As I write this, the wind chill in Chicago is somewhere in the neighborhood of a zillion degrees below zero.
It is snowing, and has been, for a few days without pause. Winds you wouldn’t want to imagine are whipping the snow. It is cold. In totality, the conditions are what even an optimist would.....
It is snowing, and has been, for a few days without pause. Winds you wouldn’t want to imagine are whipping the snow. It is cold. In totality, the conditions are what even an optimist would call miserable.
An occasional bout with miserable weather is a fact of life in the Midwest. To live and work in what we believe to be the best city in the world, we have to pay the price and accept that there will be days that make us wish that we were living somewhere much warmer.
Of course, we forget that those other places where it is warm in January are mostly unbearable in July. But it’s hard to be rational when your eyebrow has become so weathered that it has turned crisp and started to crack off.
But negative weather passes. That makes it unlike negative people, whose storm fronts stall out and linger if your environment allows it.
Before I go one step further on the subject of negativity, I wanted to send up a shout out to Lea McLeod, who writes for Mashable’s The Daily Muse, and contributed a terrific story titled, “How to Deal With Your 5 Most Negative Co-Workers.” It published on Saturday and had been shared more than 4,000 times by the time I read it Sunday. It’s good stuff, and I strongly encourage you to spend 10 minutes with it – after you finish my spiel, please.
After I finished reading it, I couldn’t help but immediately think the story was perfect for those people who must cope with the Sour Kangaroos in their shops – those brilliant, wonderfully talented folks that may appear in our office each day looking like a million bucks on the outside, but can’t help but cast negativity upon the office from the inside.
And few of us are immune from this scenario. It doesn’t matter if you work at the fire department, as a professional football player or in a creative agency – if you are in a team environment, there always seems to be at least one person that can’t seem to fill his or her own cup. And these people deliberately attempt to bring down the rest of the room, or anyone that they can influence. It’s as if they can’t help themselves.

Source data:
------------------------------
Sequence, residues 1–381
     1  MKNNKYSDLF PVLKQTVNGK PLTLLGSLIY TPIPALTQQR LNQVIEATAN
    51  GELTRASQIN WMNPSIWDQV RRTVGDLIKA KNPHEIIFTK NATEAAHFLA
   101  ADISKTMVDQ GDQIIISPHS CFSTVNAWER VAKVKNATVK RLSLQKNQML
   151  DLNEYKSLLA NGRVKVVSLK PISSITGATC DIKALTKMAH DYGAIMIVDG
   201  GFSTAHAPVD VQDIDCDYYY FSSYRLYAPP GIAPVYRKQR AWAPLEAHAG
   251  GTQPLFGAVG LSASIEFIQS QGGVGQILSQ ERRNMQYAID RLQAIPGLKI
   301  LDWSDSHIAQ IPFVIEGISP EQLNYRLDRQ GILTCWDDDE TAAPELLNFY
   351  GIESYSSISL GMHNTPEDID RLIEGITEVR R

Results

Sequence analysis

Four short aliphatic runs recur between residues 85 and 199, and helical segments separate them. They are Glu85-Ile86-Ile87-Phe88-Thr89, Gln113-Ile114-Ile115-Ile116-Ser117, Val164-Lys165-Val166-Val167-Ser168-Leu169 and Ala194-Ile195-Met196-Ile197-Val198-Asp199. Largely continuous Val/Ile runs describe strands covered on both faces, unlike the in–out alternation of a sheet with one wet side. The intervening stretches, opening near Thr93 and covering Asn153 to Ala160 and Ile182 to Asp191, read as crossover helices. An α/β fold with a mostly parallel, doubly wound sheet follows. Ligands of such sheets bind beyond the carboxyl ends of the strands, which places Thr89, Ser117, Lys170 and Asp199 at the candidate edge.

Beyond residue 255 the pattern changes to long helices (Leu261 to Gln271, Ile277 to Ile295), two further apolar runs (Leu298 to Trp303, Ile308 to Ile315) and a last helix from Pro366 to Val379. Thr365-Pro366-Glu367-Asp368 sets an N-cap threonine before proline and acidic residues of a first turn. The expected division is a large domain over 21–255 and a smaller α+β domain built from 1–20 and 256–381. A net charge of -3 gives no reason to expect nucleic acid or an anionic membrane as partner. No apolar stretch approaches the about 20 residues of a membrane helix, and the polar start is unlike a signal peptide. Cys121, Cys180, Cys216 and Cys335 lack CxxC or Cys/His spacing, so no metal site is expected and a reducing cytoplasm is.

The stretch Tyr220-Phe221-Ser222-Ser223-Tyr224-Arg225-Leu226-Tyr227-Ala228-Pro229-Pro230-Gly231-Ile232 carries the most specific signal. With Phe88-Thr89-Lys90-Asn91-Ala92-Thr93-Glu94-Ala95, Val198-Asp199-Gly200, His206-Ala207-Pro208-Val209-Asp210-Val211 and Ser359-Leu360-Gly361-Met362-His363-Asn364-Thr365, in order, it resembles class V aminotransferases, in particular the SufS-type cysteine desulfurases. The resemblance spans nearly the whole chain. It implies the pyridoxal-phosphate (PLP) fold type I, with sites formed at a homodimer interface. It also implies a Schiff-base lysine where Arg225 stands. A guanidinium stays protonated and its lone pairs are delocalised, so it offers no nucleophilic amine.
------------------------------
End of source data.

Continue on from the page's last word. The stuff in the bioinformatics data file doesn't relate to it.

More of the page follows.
The motivations are theirs. The joy around them cannot be seen, and they cannot absorb it. In a group celebration, they are posting comments on Facebook or some other such non-team activity. Most, it would reason, are unhappy with their lives or their work – or both – and they project it on others. On their best days, they are ambivalent, but wait to pounce on the first opportunity to complain.
Their outward, unfiltered criticisms about anything and everything you could imagine are subtle and not-so-subtle attempts to recruit new members into the misery club. They communicate through helpless and hapless public sighs that never contain so much as a shred of a solution. Sadly, misery loves company, and negativity can spread.
As leaders, we give the carriers of this negative energy far too much attention and too wide of a berth. We offer the terminally negative credibility by listening to them – whine after whine, bitch after bitch and moan after moan. We enable their petty complaints about the miniscule, and it affects our own point of view. We can begin to offer them some validity when most of the time there simply is none.
Life is too short to work with a-holes. We all get that.
But nobody ever thinks that they are, in fact, the a-hole.
So let’s pull out the mirror, hold it up to our faces, and then see if we are the ones multiplying camaraderie to the power of negative one.
When was the last time that we just spewed unfiltered negativity on someone nearby?
When was the last time that we identified a problem and tossed it out into open air for someone else to resolve?
When was the last time that we saw a flaw in the process – and, my friend, even in legacy companies they exist – and didn’t attempt to remedy it?
These are signature moves of the negative person.
There are some that look at the time that they trade for a salary as work. Others look at it as this transaction as a stage of their career – or at least an opportunity to learn some new skills that will benefit them on their path.
When that thing you do to provide for yourself or your family begins to look like work, and you no longer can stand it, and you can’t help but tell the people around you as much, take the hint: You’re negative.
Do yourself a favor, and either work it out or look for another place to earn.
Because it’s true what they say: Life’s too short.
• • •
As always, stay classy.
Chris Krug is president of the progressive media communications firm No Limit Agency in Chicago. No Limit is a full-service agency whose practice focuses on strategy, brand management, creative campaigns and delivering unparalleled placement in the media. No Limit Agency works with some of the best-known brands in North America, and that’s not a coincidence. Contact Krug by calling 312-526-3996 or via email at [email protected].